The New Canon focuses on
great works of fiction
published since 1985.  These
books represent the finest
literature of the current era,
and are gaining recognition as
the new classics of our time. In
this installment of
The New
Canon
, Ted Gioia reviews
Middlesex
by Jeffrey
Eugenides.
Middlesex
by Jeffrey Eugenides

Reviewed by Ted Gioia

Long before the transformation of biological identity emerged
as a specialty of medical practitioners, it served as a focal point
for myths and legends. It is fitting that the key characters in
Jeffrey Eugendies' Middlesex are of Greek origin, because so
are many of the most memorable traditions of body mashups—
whether the Minotaur, the Chimera, the Harpy, or Centaur.
Each of these figures, if allowed to tell its own tale, might
well share a story of identity crisis that
possesses a peculiarly modern flavor.

In the case of Middlesex, the betwixt and
between character is Cal Stephanides,
whose inheritance includes a mutated
gene that results in both male and female
characteristics.  Over the course of this
novel, Cal becomes Calliope—a nice touch,
since
this is also the name of the muse
responsible for epic works, and Eugenides
has delivered one in these pages.  
Around
Calliope's remarkable story, he weaves
dozens of characters and sub-plots, as
well as large doses of history, building
the whole
into a dazzling, seamless narrative.

As Eugenides demonstrated in his debut novel
The Virgin Suicides,
he is capable of bringing a light touch to even the heaviest subjects.
The story of
Middlesex, when presented in stark outline, is a tragic
one. In addition to Calliope’s gender confusion, the reader confronts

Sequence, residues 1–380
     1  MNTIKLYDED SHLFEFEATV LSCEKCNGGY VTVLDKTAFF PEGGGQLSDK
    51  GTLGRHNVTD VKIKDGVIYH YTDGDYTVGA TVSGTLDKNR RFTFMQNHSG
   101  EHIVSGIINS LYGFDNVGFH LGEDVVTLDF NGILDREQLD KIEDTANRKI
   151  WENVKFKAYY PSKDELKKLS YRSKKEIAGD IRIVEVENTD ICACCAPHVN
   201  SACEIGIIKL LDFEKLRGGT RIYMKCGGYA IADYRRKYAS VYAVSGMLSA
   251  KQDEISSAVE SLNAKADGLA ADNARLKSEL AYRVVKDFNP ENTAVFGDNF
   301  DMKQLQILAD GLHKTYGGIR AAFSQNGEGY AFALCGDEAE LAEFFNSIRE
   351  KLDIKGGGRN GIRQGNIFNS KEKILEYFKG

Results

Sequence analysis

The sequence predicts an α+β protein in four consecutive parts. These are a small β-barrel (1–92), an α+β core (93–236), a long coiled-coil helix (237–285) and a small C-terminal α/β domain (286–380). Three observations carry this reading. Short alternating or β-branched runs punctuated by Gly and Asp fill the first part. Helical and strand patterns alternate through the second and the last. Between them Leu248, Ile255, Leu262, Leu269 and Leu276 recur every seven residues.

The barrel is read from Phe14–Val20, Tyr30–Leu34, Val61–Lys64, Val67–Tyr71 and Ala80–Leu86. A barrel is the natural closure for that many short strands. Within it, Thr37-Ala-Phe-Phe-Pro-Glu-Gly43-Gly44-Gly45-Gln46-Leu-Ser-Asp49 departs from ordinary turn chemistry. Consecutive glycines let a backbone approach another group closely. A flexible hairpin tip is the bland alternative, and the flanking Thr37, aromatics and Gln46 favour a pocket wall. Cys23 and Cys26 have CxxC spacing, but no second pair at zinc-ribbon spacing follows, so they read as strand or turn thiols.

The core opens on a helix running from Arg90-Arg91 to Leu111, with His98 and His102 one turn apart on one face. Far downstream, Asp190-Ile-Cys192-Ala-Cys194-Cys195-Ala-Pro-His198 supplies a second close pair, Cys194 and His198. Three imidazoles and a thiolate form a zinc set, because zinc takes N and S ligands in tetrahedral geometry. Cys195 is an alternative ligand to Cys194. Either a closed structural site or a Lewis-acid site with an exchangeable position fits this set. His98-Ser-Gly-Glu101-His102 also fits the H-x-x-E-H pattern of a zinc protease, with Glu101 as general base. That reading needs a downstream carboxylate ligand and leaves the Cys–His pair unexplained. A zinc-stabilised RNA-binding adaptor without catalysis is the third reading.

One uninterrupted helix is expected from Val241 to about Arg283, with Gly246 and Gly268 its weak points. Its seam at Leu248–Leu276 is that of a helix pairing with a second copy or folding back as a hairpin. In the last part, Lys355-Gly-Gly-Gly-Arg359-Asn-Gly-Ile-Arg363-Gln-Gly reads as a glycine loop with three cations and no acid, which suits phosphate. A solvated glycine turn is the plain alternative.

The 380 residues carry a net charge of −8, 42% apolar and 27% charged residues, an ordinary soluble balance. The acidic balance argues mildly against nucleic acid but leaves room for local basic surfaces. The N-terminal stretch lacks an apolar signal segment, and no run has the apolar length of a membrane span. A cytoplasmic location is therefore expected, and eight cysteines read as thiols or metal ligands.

ethnic cleansing, underworld crime, race riots, poverty, fatal
accidents and various miscarriages of the medical profession. Yet
this summary presents a misleading sense of the ambiance of the
book, which moves ahead with a lilting, often humorous tone
strikingly at odds with the tale presented.

Eugenides begins his novel in Anatolia where Calliope’s
grandparents, Lefty and Desdemona, fall in love in the midst of
Greco-Turkish violence that forces them to abandon their native
land. During their voyage by ship to the United States, the couple
get married, and try to forget the inconvenient fact that they are, in
fact, brother and sister. The Stephanides settle in Detroit, where
their son, Milton, marries a second cousin, setting the genetic stage
for Calliope’s arrival. Here is her dilemma in a nutshell: the
chromosomes say male — Calliope has both an X and a Y—but the
physical apparatus looks (more or less) female.

This sharp contrast between the tone and topic of Middlesex has
disturbed some readers. Daniel Mendelsohn, writing in
The New
York Review of Books
, wanted more pathos from Eugenides, and
attacked
Middlesex for its “pervasive sense of superficiality.” Other
critics took the opposite tack, praising the novel’s comic aspects,
and hailing it as a modern-day
Tristam Shandy. That a single book
can inspire such radically different interpretations testifies to the
complexity and multilayered textures of Eugenides’ epic novel.

But readers who come to
Middlesex because of the peculiarities of
the story, will remember it for the quality of its writing. Eugenides is
a brilliant stylist, full of clever asides, striking metaphors, and
memorable turns of phrase. The prose starts strong, but gets even
better as the novel progresses. About three hundred
pages into the book, Eugenides launches into a trope on the
hairiness of Southern European women -- “Sing Muse of Greek
ladies and their battle against unsightly hair! Sing of depilatory
creams and tweezers! Of bleach and beeswax,” etc., etc.—that is as
funny and inspired as anything I have read in a long time. And
though he soon moves on to other topics, his writing stays at a
remarkably high level for the next thirty or so pages. When he is at
the top of his game like this, Eugenides demands respect as one of
the finest writers of his generation.

Oprah's attention pushed
Middlesex up to the sixth position on
Amazon’s best seller list. God bless Oprah for continuing to promote
quality fiction at a time when newspapers are slashing their book
review pages and publishers are retrenching. The smart money says
that, after a taste of Eugenides’ great writing, more than a few
readers will turn off the television and start checking out the action
on the library shelves.
The New Canon
The Best in Fiction Since 1985
The New Canon

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Middlesex

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More to come


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